Each day leading up to the 2018 NFL draft, I’ll break down one of my top 50 prospects. In some cases, we had to make tough omissions because of injuries, poor combine showings or incomplete information. For more complete scouting reports on all the prospects, check out the Pro Football Weekly 2018 Draft Guide, which is available for order now.
45. Oklahoma State QB Mason Rudolph
6-foot-5, 235 pounds
Key stat: In his first 305 college pass attempts, Rudolph was intercepted 11 times. In his final 1,142 passes, he was picked only 15 times.
The skinny: The son of a former UNC linebacker, Rudolph was a finalist for South Carolina’s Mr. Football in 2013 and a top-200 recruit but chose the Cowboys over LSU, Virginia, Ole Miss and others. He was thrust into the lineup as a true freshman when starter Daxx Garman was hurt down the stretch and handled himself admirably. Rudolph started the final three games, throwing for 853 yards, a 6-4 TD-INT ratio and leading OSU to victories over No. 18 Oklahoma in the Bedlam Game and over a Washington defense loaded with future NFL talent in the TicketCity Cactus Bowl.
Rudolph won the team’s MVP award in 2015 despite missing the Oklahoma game with an injury, turning in a strong season. But he took a jump forward as a junior, throwing for 4,091 yards and turning in a 28-4 TD-INT ratio. As a senior, Rudolph might have been second-team all-Big 12, but he pulled a few upsets in beating out Baker Mayfield and others for the Johnny Unitas Golden Arm and Sammy Baugh Awards. His 4,904 pass yards led the country and he tossed 37 touchdowns to only nine interceptions.
Although he committed to play in the Senior Bowl, Rudolph attended meetings and interviews but was not cleared for action following a minor foot injury. He worked out fully at the NFL scouting combine.
Upside: Ideal QB frame — big, well-proportioned and athletic. Stands tall and sees lanes open. Moves well in pocket while keeping eyes downfield and going through reads. Sacks were down (from one taken every 13.9 pass attempts his first three seasons combined to every 21.3 attempts his final year). Feels the rush and uses footwork to help him step up and slide against pressure. Accuracy on passes under pressure was impressive — Rudolph invites the blitz, dares you to come after him and routinely beats it with quick, precise throws.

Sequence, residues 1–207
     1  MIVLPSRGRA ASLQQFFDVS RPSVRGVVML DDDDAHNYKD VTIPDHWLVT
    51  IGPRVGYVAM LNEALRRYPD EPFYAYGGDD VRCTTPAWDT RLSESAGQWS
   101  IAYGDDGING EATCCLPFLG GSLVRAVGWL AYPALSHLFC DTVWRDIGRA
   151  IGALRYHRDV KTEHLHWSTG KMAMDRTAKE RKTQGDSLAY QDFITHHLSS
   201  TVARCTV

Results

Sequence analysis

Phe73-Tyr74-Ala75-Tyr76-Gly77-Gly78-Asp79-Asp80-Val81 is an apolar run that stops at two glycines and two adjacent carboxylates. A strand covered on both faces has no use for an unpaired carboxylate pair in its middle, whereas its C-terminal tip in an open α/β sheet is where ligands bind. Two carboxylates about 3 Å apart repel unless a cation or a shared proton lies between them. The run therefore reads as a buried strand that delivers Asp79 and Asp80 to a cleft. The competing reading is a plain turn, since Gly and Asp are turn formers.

Improved accuracy downfield. Always looking for the big strike. Throws a nice deep ball with touch and placement — puts balls in a place where his receivers have a better chance to get it than the defender. Better touch and accuracy outside the hashmarks as his career went on. Also can fit it in down the seam in tighter slots. Not elite arm strength by any means, but plenty of juice to get the ball where it needs to go. Watch him hold the Oklahoma safety with his eyes, wait for the post route to uncover and deliver a perfect strike downfield:
Respected, confident leader. Not afraid of big stages and big moments. Has a take-charge temperament. More often than not did what team needed him to do to win games. Good red-zone runner and goal-line sneaker — 15 rushing TDs in final 19 college games, all from 16 yards and in.
Downside: Small hands — has averaged just under a fumble every two games in college. Good enough athlete but won’t be a plus scrambler in the NFL. Running ability might be limited to QB sneaks and select spots. Operated almost exclusively from shotgun and pistol formations. Steeped in an “Air Raid” system whose quarterbacks have had, at best, mixed results in the NFL. Often threw to his first read and didn’t have to go as deep through progressions.
Aided by quality receivers — long-armed WRs Marcell Ateman and James Washington won a lot of 50-50 balls. Racked up numbers against a lot of poor Big 12 defenses. A lot of production came off play action. Wasn’t asked to roll out and throw on the move as much as some other quarterbacks (this can be viewed differently, depending on the evaluator).
Needs to speed up some quick throws. Will double clutch on some passes. Can still do a better job of leading his receivers — left some potential YAC on the field at times. Got away with some passes and trusts his receivers too much at times. Watch as he forces the ball into bracket coverage and nearly is picked against Texas:
Best-suited destination: Ideally, Rudolph would land with a team where there’s a veteran quarterback already in place but in line to be replaced in a year or two. He could thrive in a rhythm, shotgun-heavy offense once he adapts to working from center and going through progressions. Teams that could make sense for him include the Los Angeles Chargers, New England Patriots, Buffalo Bills, Cleveland Browns, Arizona Cardinals, New York Jets, Pittsburgh Steelers, Baltimore Ravens, Cincinnati Bengals and Washington.
Quotable: “It’s one of those NBA offenses — lotta layups and three-pointers. They used tempo. All shotgun pretty much. Lot of first reads and screens there. I saw him get better with pressure coming at him. He’s not ready-made by any means, but he’s got some tools to work with. I just don’t want him starting early. You need to rewire him just a little, but he’s got a good build, good experience and he talks like a leader should talk. He made no excuses when we talked to him [at the Senior Bowl] and has that cocky edge.” — AFC college scouting director
Player comp: Sam Bradford
Expected draft range: Late Round 1 to mid-Round 2